Documents: New Mexico man shot infant, sought to kill momGALLUP, N.M. (AP) — A New Mexico man facing charges in connection with the shooting of an infant girl has admitted he accidentally fired the weapon, not the girl's 3-year-old brother.The Gallup Independent reports court documents show Tyrell Bitsilly allegedly told authorities he was the one who fire the weapon that left the baby partially blind and deaf.The 21-year-old Bitsilly and the baby's mother, Shayanne Nelson, had told police the girl's 3-year-old brother found a gun left in a Gallup, New Mexico, motel room and accidentally fired the gun.Gallup police announced last week Bitsilly is facing new charges after authorities say he tried to arrange the killings of Nelson and a retired military medic who helped saved the infant girl's life.Public defender Alec Orenstein says he needed more time to talk to Bitsilly after the new allegations.
- TEACHER EVALUATIONS-NEW MEXICO
New Mexico discontinues financial incentives for teachersSANTA FE, N.M. (AP) — New Mexico has discontinued financial bonuses for top-rated teachers as it delivers the results of job-performance evaluations for the school year that ended in June.Public Education Department spokesman Connor Boyle confirmed this week that no money was allocated by the state for Excellence in Teaching Awards. The performance bonuses of up to $10,000 were devised by former Republican Gov. Susana near the end of her two-term administration.The administration of Democratic Gov. Michelle Lujan Grisham is creating a new teacher evaluation system for the 2020-2021 school year with help from a 46-member task force and suggestions from community meetings . Student test scores no longer figure directly in performance evaluations.Lawmakers increased teacher salaries by 6% or more this year with additional pay under extended school-year calendars.
- ELECTRIC VEHICLE FLEET-NEW MEXICO
New Mexico adds plug-in vehicles to core government fleetSANTA FE, N.M. (AP) — A major oil producing state is poised to add plug-in electric cars to its core fleet of government vehicles for the first time.New Mexico's General Service Department announced Monday announced a price agreement with auto dealers as it prepares to spend at least $1 million on plug-in electric vehicles and plug-in hybrid electric vehicles by mid-2020.The agency oversees a fleet of about 2,000 government vehicles for a long list of executive agencies.Lawmakers set aside an additional $1.5 million for car-charging infrastructure.Electric vehicles can reduce climate pollution from transportation, especially as utilities seek cleaner ways to generate electricity.Local governments can take advantage of state's price agreement. General Services Secretary Ken Ortiz described plug-in vehicles as an important tool for reducing greenhouse gas emissions.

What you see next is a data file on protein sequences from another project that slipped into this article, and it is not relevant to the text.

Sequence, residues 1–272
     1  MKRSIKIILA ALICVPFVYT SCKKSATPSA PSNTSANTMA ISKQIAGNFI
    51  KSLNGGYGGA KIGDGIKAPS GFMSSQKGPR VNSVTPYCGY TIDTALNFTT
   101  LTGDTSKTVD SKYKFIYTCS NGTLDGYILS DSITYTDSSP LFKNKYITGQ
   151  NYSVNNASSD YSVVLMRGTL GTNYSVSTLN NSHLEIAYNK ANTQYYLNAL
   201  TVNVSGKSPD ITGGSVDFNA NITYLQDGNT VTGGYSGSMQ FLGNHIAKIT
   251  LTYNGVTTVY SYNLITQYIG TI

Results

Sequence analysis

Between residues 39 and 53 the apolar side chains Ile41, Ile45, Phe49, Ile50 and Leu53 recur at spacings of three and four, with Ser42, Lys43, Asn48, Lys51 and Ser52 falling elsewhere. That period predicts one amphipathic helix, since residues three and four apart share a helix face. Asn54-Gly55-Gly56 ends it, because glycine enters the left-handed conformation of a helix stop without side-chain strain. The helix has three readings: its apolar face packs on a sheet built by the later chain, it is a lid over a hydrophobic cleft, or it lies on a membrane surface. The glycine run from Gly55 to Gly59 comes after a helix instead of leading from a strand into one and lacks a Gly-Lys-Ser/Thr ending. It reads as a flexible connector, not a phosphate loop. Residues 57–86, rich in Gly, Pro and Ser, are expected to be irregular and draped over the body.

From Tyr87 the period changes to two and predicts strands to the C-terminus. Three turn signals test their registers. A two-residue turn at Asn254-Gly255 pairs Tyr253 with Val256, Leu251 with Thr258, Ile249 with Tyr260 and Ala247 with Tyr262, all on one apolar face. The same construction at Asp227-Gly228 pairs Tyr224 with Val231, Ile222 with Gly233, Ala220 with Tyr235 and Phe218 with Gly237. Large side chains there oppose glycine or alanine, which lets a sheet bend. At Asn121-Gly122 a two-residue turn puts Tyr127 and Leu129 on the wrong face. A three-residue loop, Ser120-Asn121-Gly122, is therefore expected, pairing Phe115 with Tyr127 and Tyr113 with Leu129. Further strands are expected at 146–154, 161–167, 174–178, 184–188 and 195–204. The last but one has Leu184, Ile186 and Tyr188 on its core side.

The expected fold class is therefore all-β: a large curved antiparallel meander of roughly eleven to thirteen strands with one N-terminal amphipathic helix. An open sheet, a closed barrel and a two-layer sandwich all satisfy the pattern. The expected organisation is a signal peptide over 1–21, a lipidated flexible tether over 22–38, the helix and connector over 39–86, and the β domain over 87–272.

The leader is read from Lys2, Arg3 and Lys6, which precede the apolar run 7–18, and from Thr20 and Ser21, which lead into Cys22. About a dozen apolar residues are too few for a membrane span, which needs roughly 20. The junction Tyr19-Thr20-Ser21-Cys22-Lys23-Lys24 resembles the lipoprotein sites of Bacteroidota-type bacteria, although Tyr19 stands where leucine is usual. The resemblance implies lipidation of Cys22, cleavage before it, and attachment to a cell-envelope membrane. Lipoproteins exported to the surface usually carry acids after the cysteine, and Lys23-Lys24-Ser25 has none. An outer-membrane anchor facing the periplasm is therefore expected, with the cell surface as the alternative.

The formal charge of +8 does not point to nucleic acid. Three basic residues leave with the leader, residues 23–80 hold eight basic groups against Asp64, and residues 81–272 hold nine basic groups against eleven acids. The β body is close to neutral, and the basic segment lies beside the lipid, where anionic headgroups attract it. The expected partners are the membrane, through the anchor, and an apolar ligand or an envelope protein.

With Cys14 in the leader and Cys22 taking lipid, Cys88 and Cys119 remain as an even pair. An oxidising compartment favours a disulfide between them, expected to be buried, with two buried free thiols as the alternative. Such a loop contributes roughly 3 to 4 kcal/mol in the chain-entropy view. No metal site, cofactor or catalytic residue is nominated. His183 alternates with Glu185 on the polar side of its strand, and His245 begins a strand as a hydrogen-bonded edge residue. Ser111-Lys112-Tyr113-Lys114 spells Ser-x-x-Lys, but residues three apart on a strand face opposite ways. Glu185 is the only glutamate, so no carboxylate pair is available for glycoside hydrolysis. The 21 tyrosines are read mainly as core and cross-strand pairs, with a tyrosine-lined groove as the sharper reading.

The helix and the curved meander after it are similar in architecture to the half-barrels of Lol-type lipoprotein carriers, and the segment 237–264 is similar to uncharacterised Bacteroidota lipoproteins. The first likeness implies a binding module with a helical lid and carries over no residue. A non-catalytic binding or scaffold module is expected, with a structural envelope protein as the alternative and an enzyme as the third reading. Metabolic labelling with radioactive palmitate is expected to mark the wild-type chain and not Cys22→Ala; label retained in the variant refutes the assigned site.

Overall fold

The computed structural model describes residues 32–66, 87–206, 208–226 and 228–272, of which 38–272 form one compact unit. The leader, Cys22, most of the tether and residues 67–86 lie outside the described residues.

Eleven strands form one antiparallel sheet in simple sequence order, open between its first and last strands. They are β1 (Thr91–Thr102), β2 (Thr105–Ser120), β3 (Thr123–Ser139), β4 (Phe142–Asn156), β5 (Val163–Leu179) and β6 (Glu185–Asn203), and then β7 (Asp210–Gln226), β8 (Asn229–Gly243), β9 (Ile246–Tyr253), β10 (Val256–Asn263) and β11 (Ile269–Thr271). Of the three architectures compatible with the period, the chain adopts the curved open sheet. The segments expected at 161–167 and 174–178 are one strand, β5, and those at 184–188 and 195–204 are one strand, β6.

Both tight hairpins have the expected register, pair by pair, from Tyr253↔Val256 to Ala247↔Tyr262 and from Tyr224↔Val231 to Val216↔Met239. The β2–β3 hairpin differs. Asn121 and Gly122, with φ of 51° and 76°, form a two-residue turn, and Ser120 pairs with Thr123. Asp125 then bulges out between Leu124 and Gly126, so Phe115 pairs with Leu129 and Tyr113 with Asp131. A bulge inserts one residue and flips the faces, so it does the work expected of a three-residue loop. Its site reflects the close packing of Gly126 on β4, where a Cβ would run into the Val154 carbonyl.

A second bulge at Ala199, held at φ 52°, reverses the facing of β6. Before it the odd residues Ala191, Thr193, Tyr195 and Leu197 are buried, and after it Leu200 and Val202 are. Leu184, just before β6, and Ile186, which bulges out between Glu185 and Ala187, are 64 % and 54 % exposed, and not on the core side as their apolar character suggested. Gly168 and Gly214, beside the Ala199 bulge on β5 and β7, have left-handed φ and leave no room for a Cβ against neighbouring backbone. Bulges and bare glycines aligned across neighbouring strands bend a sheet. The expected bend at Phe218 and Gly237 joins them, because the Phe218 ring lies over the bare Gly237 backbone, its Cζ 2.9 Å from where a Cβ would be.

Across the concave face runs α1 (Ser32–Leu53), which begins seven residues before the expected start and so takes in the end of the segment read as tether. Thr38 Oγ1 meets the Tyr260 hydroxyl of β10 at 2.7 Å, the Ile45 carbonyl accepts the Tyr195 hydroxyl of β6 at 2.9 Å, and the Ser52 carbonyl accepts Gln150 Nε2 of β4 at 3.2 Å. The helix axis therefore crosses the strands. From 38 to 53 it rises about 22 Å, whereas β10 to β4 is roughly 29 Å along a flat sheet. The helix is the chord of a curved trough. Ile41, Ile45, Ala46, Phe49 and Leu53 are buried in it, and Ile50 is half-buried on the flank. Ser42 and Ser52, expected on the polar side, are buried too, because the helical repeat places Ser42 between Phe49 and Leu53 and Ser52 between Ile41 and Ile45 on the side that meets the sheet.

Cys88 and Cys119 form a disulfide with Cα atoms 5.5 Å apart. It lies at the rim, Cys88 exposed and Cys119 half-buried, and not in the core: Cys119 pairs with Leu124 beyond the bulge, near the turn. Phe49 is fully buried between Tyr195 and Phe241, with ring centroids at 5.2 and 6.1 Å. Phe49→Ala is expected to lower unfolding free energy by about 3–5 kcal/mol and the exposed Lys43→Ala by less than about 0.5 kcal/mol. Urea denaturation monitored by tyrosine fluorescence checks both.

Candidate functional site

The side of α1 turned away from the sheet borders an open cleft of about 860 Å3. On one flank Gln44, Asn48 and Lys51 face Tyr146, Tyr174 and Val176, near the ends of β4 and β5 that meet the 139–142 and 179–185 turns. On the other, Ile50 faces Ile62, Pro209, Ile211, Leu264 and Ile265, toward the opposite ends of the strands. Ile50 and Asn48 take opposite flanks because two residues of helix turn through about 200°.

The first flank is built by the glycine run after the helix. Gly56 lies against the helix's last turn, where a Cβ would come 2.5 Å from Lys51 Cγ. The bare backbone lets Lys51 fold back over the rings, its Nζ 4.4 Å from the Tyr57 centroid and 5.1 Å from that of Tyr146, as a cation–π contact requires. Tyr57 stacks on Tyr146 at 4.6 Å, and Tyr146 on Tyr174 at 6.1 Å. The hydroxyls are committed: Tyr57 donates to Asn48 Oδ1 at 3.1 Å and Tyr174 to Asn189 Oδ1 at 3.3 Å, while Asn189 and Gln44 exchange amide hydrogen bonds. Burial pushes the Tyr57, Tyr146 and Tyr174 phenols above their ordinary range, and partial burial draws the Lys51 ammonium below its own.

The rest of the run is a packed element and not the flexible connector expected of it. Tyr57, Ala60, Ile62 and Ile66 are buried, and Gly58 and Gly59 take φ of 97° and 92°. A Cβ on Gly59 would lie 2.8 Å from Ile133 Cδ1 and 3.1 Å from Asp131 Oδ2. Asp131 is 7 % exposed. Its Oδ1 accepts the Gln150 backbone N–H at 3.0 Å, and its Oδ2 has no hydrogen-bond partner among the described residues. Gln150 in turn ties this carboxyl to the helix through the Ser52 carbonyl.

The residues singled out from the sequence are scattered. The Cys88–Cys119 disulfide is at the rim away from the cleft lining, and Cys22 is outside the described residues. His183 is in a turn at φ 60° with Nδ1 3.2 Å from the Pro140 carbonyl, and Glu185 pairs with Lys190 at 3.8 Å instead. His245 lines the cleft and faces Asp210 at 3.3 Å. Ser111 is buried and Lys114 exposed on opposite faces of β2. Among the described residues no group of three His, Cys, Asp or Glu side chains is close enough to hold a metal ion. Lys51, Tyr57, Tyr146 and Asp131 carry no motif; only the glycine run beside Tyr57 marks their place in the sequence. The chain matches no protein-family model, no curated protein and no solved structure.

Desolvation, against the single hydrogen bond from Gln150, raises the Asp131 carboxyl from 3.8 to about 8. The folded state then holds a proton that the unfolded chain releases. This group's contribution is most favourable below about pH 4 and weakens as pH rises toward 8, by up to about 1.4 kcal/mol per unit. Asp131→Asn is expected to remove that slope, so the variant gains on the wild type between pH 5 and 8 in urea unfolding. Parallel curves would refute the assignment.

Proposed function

- ELECTION 2020-HOUSE-NEW MEXICO
GOP US House hopeful in key New Mexico race sees money surgeALBUQUERQUE, N.M. (AP) — A Republican candidate for a critical U.S. House race in New Mexico is reporting a fundraising surge just days into her candidacy.Claire Chase is preparing to report Tuesday that her campaign raised $510,790 in 35 days. That amount is more than former state lawmaker and fellow GOP opponent Yvette Herrell raised during the entire 2018 Republican primary.The fundraising jolt comes after Chase, an oil executive, announced in late August she would seek the GOP nomination to challenge Democratic U.S. Rep. Xochitl Torres Small for the state's southern congressional seat.Torres Small defeated Herrell in 2018 by fewer than 3,000 votes to flip a traditionally Republican-leaning district that sits along the U.S.-Mexico border.Records show Torres Small has raised more than $1 million since January.